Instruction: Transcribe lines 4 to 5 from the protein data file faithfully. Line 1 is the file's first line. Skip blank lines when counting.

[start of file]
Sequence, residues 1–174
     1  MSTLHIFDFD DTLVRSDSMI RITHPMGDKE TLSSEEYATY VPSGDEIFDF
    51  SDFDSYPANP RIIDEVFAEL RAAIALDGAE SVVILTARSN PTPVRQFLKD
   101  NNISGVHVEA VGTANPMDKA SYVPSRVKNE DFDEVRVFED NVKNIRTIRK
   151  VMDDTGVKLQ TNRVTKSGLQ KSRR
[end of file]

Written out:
   101  NNISGVHVEA VGTANPMDKA SYVPSRVKNE DFDEVRVFED NVKNIRTIRK
   151  VMDDTGVKLQ TNRVTKSGLQ KSRR